EVERETT — Hopes for light rail are riding on billions in federal grants to make it to Lynnwood and eventually to Everett.
For big public works projects like the Sound Transit expansion, President Donald Trump’s administration offers tantalizing possibilities — and great uncertainty. On one hand, there’s a promise of a trillion dollars in federal infrastructure investment nationwide. On the other, there’s the inescapable fact that Link light rail is a mass transit project serving a region where voters were as politically unfriendly to Trump as any place in the country.
As with so much else these days, no one’s quite sure what will happen. Some answers are likely to arrive with the president’s budget, expected around the same time as his State of the Union speech at the end of the month.
“It’s still a bit of a wait-and-see. But by the same token, there is so much work that has already been done on these Sound Transit issues,” Rep. Rick Larsen said. “I don’t know why any of the Sound Transit money would be in jeopardy. It’s baked into the budget.”
Billions in grants
Trump on Thursday told the committee’s chairman, U.S. Rep. Bill Shuster, a Pennsylvania Republican, “That’s right. We’re going to give you some money for transportation. That’s good. Good territory.”
In practice, it’s unclear what that means.
The plan for building light rail from Northgate to Lynnwood is relying on a federal New Starts grant of more than $1 billion. Construction on that segment is scheduled to break ground next year and to begin service in 2023. The federal dollars are in addition to sales tax, car-tab fees and other revenues. Last year, the Federal Transit Administration authorized Sound Transit to move into the final design phase for that project.
The next phase of northward light-rail expansion will come through the $53.8 billion Sound Transit 3 measure that voters approved in November. The ST3 budget assumes $4.7 billion in funding from federal grants. Light rail would reach Everett by 2036. It also would connect Link service to Tacoma and new destinations on the Eastside and build out a new I-405 bus rapid-transit line.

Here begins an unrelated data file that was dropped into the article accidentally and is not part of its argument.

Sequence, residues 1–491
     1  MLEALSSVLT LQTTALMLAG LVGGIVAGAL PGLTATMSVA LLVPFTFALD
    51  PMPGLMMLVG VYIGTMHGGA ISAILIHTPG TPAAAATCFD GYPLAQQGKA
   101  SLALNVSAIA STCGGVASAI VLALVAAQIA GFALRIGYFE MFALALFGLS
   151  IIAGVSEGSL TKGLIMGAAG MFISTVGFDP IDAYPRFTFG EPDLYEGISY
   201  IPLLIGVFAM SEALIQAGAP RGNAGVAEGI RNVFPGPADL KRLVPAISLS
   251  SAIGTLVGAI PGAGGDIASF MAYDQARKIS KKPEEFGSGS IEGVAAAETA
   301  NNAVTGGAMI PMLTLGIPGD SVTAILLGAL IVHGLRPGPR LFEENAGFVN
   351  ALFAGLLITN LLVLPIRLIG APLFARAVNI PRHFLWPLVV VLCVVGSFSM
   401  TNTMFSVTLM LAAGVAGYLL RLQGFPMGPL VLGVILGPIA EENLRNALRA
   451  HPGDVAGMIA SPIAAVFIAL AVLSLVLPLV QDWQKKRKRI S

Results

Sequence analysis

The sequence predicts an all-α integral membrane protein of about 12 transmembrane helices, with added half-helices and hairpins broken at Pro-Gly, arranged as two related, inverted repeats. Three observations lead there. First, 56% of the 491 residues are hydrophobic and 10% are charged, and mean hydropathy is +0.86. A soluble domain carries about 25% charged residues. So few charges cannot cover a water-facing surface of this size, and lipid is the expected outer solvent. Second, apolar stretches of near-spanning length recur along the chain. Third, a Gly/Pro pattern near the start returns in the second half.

ST3 spans 25 years. That plan is bound to stretch over multiple presidential administrations.
Sound Transit officials agree with Larsen and see no reason to fret.
“We’ve had very strong success with both Republican and Democrat administrations,” Sound Transit spokesman Geoff Patrick said. “The funding for the initial light-rail segments as well as University Link was secured during the Bush Administration. And transportation is strongly linked to economic prosperity. In many ways, it’s a very nonpartisan issue. We’re going to continue that partnership to secure the federal funding we need to keep this region moving.”
Trump and infrastructure
The American Public Transportation Association, a Washington, D.C.-based transportation lobbying group, is urging Trump’s team to stick to a piece of bipartisan legislation that passed in late 2015, promising money for roads, bridges and public transit. The FAST Act — the acronym stands for Fix America’s Surface Transportation — is on track to send more than $3.6 billion in federal highway dollars to Washington state over five years.
“Like everyone else, we are adapting to this new political environment and are preparing for a variety of funding scenarios,” said Andrew Brady, senior government affairs director for the lobbying group. “The fact that President Trump has made such favorable statements about the need to reinvest in our nation’s infrastructure certainly bodes well for public transportation projects around the country.”
Public vs. private funds
One of the scenarios Western Washington’s congressional members are watching is what mix of public and private funds Trump includes in his plan.
Private funding can work great for some public projects, especially ports, Larsen said. But it can short-change rural areas, where there aren’t enough users to make toll roads or tax-increment financing worthwhile.
“You’re going to run into a buzz saw with the Congress and the public, who won’t feel very happy about having to drive on roads that private developers own,” he said. “If the private sector builds the project, they’d want to get their money back and then some.”
Sedro-Woolley and other rural communities, he noted dryly, aren’t likely to attract privately financed projects.
Larsen said he’s looking for much more than light rail in the coming budget. He wants to better position mid-size cities to compete for federal transportation dollars. Locally, that would include Arlington, Bothell, Edmonds, Lake Stevens, Lynnwood, Mill Creek, Monroe, Mountlake Terrace and Mukilteo.
The congressman also hopes to help secure more funding for Washington’s ferry system, which is the largest in the country, as well as money for bridges and better routes for pedestrians and bicyclists.